Saturday, 15 August 2020

What is Textile Testing?

To evaluate how something works under certain established methods or test standards. Textile testing is to check its properties under certain conditions in a standard environment prescribed as per Test standards. 

Types of Testing?
Destructive testing: The testing which breaks the test specimen and goes as waste after testing is called destructive testing. For example, tensile test, compression test, bending test etc. 


Textile Testing

Nondestructive testing: The testing in which test materials do not go as waste after testing is called non-destructive testing method. For example, thermal and electrical conductivity testing.

Why testing?
- To check the quality and suitability of raw material;
- To monitor the production (process control);
- To assess the quality of final product;
- To investigate the faulty materials;
- To set standards or benchmarks;
- For R&D (research and development) purpose;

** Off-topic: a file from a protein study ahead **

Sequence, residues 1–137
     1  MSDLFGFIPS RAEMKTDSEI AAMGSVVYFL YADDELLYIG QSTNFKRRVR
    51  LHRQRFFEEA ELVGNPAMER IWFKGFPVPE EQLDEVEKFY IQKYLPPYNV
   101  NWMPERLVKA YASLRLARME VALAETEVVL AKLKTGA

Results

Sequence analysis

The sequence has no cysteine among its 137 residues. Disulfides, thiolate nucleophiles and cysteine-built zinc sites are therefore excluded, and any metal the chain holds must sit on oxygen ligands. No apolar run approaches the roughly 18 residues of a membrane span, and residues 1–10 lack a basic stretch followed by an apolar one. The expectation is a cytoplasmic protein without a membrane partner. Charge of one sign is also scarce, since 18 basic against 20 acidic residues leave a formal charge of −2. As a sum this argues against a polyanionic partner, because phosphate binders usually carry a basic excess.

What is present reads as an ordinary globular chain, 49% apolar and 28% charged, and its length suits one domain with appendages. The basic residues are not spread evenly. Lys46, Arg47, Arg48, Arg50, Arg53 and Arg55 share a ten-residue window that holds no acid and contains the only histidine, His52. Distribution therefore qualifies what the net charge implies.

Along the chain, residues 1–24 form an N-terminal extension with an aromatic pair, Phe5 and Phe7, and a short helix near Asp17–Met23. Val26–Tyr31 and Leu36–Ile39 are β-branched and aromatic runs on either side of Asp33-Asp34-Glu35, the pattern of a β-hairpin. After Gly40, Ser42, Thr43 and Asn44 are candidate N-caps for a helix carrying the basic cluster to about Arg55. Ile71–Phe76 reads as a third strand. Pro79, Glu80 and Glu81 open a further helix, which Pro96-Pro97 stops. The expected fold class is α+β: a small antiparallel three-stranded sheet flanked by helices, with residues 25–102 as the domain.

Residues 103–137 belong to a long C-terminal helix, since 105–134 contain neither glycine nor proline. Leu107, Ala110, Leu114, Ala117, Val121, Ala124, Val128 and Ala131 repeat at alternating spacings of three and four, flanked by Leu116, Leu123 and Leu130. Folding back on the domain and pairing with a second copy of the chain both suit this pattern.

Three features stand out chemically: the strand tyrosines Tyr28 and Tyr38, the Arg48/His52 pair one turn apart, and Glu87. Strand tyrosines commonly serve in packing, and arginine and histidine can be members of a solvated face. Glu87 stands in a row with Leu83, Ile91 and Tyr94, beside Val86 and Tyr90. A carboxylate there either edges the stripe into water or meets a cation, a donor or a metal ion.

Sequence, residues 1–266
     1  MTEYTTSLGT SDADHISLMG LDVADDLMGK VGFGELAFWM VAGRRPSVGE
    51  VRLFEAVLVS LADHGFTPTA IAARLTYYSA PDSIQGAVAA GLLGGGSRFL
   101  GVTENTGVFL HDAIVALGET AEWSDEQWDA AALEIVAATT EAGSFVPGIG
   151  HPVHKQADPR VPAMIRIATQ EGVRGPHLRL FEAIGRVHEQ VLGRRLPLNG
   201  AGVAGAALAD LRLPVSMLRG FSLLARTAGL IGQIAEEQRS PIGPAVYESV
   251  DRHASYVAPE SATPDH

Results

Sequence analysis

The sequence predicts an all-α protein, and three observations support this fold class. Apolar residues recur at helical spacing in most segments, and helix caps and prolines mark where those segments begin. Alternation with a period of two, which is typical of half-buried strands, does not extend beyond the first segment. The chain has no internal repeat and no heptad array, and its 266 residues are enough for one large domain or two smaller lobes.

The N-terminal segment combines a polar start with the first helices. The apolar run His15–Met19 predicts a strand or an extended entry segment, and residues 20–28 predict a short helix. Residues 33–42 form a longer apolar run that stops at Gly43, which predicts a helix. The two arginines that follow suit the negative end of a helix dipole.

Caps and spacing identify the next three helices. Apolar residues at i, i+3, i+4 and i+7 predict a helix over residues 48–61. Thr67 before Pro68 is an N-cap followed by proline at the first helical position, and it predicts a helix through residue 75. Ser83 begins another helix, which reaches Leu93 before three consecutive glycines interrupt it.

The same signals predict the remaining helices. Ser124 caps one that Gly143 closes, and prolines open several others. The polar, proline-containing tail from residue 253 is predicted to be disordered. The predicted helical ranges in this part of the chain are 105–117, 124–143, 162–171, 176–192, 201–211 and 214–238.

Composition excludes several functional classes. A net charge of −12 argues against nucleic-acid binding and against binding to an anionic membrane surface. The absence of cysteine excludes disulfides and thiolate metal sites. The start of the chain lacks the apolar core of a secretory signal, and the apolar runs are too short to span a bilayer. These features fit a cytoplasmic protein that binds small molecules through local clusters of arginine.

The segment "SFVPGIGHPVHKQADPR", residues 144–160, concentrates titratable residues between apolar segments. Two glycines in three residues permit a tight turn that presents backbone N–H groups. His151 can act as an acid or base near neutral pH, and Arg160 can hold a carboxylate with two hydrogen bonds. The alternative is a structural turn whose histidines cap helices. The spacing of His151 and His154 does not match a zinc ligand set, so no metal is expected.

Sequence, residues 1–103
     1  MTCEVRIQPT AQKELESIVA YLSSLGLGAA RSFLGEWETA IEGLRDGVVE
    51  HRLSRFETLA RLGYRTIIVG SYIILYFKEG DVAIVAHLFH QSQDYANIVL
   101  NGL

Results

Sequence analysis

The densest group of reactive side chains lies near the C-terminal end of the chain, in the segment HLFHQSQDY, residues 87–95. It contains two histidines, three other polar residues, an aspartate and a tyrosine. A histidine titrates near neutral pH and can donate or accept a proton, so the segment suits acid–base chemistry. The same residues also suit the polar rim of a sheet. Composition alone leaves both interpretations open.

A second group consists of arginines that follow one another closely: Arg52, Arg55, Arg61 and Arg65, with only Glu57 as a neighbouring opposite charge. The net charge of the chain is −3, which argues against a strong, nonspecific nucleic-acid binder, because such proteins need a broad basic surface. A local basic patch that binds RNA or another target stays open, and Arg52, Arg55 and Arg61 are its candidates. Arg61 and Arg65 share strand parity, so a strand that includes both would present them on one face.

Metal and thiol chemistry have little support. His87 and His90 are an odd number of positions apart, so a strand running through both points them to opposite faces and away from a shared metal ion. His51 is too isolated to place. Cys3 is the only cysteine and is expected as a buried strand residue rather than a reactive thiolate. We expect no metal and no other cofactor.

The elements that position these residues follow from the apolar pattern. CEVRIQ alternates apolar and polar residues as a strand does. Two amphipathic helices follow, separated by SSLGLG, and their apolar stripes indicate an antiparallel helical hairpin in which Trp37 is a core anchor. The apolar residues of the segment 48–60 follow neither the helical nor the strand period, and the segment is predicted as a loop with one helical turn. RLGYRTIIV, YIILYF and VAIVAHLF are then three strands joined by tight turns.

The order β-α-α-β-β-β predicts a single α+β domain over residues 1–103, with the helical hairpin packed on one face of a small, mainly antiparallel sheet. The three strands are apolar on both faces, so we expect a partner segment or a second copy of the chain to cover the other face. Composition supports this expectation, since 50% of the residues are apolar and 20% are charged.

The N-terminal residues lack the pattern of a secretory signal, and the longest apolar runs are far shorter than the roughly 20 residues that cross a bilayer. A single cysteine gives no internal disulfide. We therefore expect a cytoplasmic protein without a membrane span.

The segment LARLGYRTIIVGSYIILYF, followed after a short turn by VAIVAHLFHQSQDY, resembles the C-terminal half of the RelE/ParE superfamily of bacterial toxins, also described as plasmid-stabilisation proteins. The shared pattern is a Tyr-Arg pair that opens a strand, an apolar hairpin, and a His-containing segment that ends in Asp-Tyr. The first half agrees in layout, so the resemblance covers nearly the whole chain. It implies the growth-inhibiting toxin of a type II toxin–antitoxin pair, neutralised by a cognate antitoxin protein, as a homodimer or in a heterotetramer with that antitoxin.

- For new product development.

Reference: A Practical Guide to Textile Testing by K. Amutha (Woodhead Publishing)

Friday, 14 August 2020

Standard Testing Atmosphere | Related Terms.

Moisture equilibrium: It is the condition reached by a material when it no longer takes up moisture from or gives up moisture to, the surrounding atmosphere. 

Pre-conditioning: To bring a sample or specimen of textile to relatively low moisture content (approximate equilibrium atmosphere with relative humidity between 5% and 25%) before conditioning in a controlled atmosphere for testing. 

Conditioning: To bring a material to moisture equilibrium with a specified atmosphere. Before a textile is tested, it is conditioned by placing it in the atmosphere for testing in such a way that the air flows freely through the textile and keeping it there for the time required to bring it into equilibrium with the atmosphere. 

Thursday, 13 August 2020

Fibre Moisture Measurement | Importance